Exploring Kubernetes API using Wireshark part 1: Creating, Listing and Deleting Pods

Related Articles:

Exploring Kubernetes API using Wireshark part 2: Namespaces

Exploring Kubernetes API using Wireshark part 3: Python Client API

Quick Intro

This article answers the following question:

What happens when we create, list and delete pods under the hood? More specifically on the wire.

I used these 3 commands:

I'll show you on Wireshark the communication between kubectl client and master node (API) for each of the above commands.

I used a proxy so we don't have to worry about TLS layer and focus on HTTP only.

Creating NGINX pod

pcap: creating_pod.pcap (use http filter on Wireshark)

Here's our YAML file:

Here's how we create this pod:

Here's what we see on Wireshark:

Behind the scenes, kubectl command sent an HTTP POST with our YAML file converted to JSON but notice the same thing was sent (kind, apiVersion, metadata, spec):

You can even expand it if you want to but I didn't to keep it short.

Then, Kubernetes master (API) responds with HTTP 201 Created to confirm our pod has been created:

Notice that master node replies with similar data with the additional status column because after pod is created it's supposed to have a status too. 

Listing Pods

pcap: listing_pods.pcap (use http filter on Wireshark)

When we list pods, kubectl just sends a HTTP GET request instead of POST because we don't need to submit any data apart from headers:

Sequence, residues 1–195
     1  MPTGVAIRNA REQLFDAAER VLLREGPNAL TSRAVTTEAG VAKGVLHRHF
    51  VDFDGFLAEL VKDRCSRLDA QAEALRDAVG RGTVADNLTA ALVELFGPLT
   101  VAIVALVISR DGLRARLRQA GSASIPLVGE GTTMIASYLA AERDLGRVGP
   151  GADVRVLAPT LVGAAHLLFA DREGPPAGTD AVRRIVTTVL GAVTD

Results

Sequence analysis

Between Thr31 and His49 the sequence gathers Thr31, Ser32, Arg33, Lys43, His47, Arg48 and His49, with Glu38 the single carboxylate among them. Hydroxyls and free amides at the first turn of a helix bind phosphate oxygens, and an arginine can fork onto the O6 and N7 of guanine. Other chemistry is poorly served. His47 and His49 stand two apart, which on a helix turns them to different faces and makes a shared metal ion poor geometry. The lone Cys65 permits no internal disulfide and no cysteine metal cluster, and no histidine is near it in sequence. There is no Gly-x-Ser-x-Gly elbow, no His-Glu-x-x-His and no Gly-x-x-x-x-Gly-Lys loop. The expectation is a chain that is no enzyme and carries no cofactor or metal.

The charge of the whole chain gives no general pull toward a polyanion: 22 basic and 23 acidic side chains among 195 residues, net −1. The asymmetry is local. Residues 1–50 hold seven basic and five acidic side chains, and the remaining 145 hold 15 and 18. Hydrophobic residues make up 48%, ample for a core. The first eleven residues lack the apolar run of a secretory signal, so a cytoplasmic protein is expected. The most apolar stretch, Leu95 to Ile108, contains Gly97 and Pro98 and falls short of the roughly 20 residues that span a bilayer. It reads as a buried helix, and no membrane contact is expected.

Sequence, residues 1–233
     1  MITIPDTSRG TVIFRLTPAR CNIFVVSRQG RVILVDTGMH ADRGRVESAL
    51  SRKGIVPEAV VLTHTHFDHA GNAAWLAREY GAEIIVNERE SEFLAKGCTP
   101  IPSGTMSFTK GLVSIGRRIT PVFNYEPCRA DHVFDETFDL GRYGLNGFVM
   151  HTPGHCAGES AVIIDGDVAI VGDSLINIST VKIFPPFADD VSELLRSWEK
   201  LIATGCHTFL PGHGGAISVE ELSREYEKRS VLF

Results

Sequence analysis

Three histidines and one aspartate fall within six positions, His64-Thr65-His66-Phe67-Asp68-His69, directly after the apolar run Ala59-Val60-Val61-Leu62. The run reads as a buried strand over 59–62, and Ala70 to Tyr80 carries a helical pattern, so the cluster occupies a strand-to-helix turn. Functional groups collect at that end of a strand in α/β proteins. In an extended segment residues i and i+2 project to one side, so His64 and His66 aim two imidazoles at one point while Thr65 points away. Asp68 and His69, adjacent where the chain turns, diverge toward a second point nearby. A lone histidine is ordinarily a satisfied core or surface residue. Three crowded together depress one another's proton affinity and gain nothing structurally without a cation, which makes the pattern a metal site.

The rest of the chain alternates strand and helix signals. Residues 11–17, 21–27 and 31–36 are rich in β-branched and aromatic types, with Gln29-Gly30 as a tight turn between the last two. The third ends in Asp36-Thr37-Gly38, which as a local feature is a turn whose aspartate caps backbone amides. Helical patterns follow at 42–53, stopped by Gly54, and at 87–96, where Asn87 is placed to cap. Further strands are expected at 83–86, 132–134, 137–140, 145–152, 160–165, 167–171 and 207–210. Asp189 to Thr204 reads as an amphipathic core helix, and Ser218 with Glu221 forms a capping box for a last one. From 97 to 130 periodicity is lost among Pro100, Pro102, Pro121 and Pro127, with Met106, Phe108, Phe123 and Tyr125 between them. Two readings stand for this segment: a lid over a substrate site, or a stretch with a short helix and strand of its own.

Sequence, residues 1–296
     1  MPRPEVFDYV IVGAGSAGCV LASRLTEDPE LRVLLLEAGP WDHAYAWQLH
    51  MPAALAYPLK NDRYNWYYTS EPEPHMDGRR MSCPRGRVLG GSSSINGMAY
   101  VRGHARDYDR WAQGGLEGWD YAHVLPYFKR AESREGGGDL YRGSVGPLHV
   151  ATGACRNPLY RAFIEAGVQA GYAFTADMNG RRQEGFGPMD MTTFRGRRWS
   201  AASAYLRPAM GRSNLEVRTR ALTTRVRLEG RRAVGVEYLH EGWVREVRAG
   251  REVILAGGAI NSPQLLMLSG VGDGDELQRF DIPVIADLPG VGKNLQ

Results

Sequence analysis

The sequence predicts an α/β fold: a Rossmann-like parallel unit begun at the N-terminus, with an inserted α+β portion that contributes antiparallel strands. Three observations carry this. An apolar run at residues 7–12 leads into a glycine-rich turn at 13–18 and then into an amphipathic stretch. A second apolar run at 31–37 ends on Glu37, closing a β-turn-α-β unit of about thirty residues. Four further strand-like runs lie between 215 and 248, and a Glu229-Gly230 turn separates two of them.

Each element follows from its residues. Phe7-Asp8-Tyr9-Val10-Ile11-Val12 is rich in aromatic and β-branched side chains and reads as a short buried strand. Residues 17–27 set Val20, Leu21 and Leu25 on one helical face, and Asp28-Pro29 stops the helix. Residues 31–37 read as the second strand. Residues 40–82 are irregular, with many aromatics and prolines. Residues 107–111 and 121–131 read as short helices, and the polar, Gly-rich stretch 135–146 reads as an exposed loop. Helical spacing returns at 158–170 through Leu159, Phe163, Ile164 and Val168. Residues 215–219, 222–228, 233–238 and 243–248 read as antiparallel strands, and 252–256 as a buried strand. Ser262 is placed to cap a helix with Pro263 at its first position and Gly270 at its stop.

This is the full GET request:

And here's the HTTP 200 OK with JSON file that contains all information about all pods from default's namespace:

I just wanted to emphasise that when you list a pod the resource type that comes back is PodList and when we created our pod it was just Pod. Remember?

The other thing I'd like to point out is that all of your pods' information should be listed under items

All kubectl does is to display some of the API's info in a humanly readable way. 

Deleting NGINX pod

pcap: deleting_pod.pcap (use http filter on Wireshark)

Behind the scenes, we're just sending an HTTP DELETE to Kubernetes master:

Also notice that the pod's name is also included in the URI: /api/v1/namespaces/default/pods/nginx ← this is pods' name

HTTP DELETE just like HTTP GET is pretty straightforward:

Our master node replies with HTTP 200 OK as well as some json file with all the info about the pod, including about it's termination:

It's also good to emphasise here that when our pod is deleted, master node returns JSON file with all information available about the pod.

I highlighted some interesting info. For example, resource type is now just Pod (not PodList when we're just listing our pods).

Published Jun 05, 2019
Version 1.0

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